Appellant’s second proposition of law is that the appellant presented sufficient evidence to raise the defense of self-defense, and that it was prejudicial error for the trial court to refuse to instruct the jury on that defense. The trial court charged the jury on aggravated murder and the lesser included crimes of murder and voluntary manslaughter. The trial court found that the plea of self-defense was not available to the appellant since the appellant was the aggressor and had not withdrawn from the affray. The Court of Appeals in its opinion held that appellant’s testimony constituted sufficient evidence to raise the affirmative defense of self-defense, but that the failure of the trial court to charge thereon was not prejudicial. We find’ from a through reading of the record that there was insufficient evidence to raise a question in the minds of reasonable men concerning the existence of such issue of whether the appellant acted justifiably in self-defense. In the recent case of State v. Melchior (1978), 56 Ohio St.2d 15, at pages 20-21, this court stated:

“To establish self-defense, the following elements must be shown: (1) the slayer was not at fault in creating the situation giving rise to the affray, Stewart v. State (1852), 1 Ohio St. 66, 75; State v. Doty (1916), 94 Ohio St. 258; State v. Morgan (1919). 100 Ohio St. 66, 72; (2) the slayer has a bona fide belief that he was in imminent danger of death or great bodily harm and that his only means of escape from such danger was in the use of such force, Marts v. State (1875), 26 Ohio St. 163, paragraph two of the syllabus; State v. Champion (1924), 109 Ohio St. 281, paragraph one of the syllabus; State v. Sheets (1926), 115 Ohio St. 308, 310; and (3) the slayer must not have violated any duty to retreat or avoid the danger, State v. Peacock (1883), 40 Ohio St. 333, 334; Graham v. State (1918), 98 Ohio St. 77, 79.”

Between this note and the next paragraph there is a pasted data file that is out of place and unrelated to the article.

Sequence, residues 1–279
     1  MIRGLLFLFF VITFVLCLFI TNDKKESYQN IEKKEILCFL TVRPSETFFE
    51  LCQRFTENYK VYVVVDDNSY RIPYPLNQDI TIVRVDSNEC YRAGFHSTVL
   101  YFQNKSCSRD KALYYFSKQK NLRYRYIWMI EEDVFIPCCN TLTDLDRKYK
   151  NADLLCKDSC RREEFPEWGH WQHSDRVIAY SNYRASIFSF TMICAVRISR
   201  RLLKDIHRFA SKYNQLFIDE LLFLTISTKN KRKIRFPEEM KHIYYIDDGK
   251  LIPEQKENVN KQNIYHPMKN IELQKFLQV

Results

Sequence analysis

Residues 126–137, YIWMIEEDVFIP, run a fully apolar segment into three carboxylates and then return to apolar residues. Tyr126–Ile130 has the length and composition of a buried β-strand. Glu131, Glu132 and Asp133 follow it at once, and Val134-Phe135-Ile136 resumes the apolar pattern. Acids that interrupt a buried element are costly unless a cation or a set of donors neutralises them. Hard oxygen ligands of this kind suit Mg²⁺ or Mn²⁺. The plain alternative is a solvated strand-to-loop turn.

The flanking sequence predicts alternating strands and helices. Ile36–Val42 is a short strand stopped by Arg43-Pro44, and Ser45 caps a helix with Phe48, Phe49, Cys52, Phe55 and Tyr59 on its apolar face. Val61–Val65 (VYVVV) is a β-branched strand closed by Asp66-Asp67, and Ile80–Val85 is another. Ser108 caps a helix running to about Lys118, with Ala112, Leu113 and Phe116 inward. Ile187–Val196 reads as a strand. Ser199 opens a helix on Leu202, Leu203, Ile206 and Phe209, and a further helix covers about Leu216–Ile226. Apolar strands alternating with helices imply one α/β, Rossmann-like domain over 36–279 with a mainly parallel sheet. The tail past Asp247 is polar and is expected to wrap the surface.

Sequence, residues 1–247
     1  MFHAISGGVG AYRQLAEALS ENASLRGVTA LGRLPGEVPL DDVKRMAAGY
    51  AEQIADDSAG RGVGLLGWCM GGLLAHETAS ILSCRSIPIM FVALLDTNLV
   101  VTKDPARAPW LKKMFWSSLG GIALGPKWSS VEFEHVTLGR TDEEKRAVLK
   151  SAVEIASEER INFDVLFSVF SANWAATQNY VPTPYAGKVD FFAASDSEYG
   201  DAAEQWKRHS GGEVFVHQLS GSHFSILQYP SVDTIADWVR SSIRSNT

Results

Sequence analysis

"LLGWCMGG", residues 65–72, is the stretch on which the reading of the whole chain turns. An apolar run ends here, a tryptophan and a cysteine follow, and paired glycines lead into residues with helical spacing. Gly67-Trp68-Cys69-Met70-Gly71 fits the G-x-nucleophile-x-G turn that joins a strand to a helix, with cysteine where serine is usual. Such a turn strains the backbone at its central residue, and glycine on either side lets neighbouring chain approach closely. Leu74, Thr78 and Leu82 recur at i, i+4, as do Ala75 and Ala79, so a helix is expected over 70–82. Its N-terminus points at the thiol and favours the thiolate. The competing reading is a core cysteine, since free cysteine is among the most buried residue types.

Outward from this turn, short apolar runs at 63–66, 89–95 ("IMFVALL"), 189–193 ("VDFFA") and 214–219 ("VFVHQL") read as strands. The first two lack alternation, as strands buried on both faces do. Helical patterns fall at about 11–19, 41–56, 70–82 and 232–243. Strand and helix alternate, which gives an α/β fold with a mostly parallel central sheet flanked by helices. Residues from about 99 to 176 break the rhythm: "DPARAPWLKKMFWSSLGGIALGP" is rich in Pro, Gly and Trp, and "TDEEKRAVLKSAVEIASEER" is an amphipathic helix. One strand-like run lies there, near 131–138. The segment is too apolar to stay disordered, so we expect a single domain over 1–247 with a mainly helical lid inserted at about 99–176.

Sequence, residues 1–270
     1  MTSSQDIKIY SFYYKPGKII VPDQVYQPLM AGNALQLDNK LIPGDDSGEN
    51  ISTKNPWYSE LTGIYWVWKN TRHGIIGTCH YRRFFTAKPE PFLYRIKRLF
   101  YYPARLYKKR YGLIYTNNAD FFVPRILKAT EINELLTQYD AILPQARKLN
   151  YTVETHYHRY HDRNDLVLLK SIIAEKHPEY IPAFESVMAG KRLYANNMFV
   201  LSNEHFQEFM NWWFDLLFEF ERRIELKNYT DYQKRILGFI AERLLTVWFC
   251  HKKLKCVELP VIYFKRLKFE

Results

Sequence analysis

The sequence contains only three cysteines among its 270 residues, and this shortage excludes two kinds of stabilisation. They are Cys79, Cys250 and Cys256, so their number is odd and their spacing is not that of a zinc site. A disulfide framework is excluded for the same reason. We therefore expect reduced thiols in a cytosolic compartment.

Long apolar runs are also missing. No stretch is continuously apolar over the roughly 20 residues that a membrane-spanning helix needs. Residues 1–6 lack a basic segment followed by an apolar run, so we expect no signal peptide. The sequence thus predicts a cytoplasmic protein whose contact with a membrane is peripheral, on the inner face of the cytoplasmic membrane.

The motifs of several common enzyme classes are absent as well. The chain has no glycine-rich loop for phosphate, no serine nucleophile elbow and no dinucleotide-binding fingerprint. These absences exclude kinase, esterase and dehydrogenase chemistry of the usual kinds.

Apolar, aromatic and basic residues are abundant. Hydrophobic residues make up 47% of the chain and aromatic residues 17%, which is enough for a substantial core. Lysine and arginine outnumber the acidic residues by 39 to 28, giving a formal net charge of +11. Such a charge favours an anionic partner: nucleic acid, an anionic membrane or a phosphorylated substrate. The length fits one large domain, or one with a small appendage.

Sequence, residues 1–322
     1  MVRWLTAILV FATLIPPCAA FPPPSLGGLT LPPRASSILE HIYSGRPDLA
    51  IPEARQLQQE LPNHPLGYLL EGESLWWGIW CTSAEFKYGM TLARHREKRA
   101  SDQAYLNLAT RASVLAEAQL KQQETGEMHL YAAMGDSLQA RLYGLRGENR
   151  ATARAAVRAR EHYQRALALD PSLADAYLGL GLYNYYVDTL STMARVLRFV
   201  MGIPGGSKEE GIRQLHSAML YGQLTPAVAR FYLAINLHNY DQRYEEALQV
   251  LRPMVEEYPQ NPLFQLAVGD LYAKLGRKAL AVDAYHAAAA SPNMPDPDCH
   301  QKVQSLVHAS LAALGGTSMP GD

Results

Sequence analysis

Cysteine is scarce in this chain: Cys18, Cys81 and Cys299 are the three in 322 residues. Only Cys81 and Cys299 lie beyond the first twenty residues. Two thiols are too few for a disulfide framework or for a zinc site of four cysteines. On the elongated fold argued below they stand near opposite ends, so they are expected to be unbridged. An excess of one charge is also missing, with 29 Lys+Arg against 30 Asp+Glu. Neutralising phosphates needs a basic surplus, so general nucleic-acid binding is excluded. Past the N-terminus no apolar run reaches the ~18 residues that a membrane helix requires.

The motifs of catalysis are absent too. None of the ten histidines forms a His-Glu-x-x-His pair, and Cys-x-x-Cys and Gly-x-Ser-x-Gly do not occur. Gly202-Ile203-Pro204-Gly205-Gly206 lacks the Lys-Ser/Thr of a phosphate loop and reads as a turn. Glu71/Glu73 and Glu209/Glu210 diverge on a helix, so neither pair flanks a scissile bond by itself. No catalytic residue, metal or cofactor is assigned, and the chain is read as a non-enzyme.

In the instant cause, appellant admitted striking the first blow and being the aggressor. From his own testimony the affray took a turn for the worse as far as he was concerned in that the victim was choking him. He claims that this was the reason he struck back with a knife. However, from the evidence adduced it appears that appellant had many opportunities to retreat and avoid danger, which he failed to do. Appellant testified as follows:

“Q. At the time you killed Jan Canterbury, were you thinking about the right of self-defense?

“A. Sir?

“Q. At the time you killed Jan Canterbury, did you think about self-defense? Did it occur to you that you may have had a right to self-defense?

“A. No, sir.”

State v. Melchior, supra, in paragraph one of the syllabus, states:

“The proper standard for determining in a criminal case whether a defendant has successfully raised an affirmative defense under R. C. 2901.05 is to inquire whether the defendant has introduced sufficient evidence, which, if believed, would raise a question in the minds of reasonable men concerning the existence of such issue.”

The evidence in the record is clear that the appellant was at fault in creating the situation giving rise to the affray and nowhere in the record is there evidence indicating an attempt on the part of the appellant to withdraw from the conflict and his intention of abandoning his actions to do harm to the victim.

We find that the trial court did not err in its refusal to instruct the jury on the charge of self-defense, and appellant’s second proposition of law is not well taken.

For the foregoing reasons, the judgment of the Court of Appeals is affirmed.

Judgment affirmed.


DONOFRIO, J., of the Seventh Appellate District, sitting for LOCHER, J.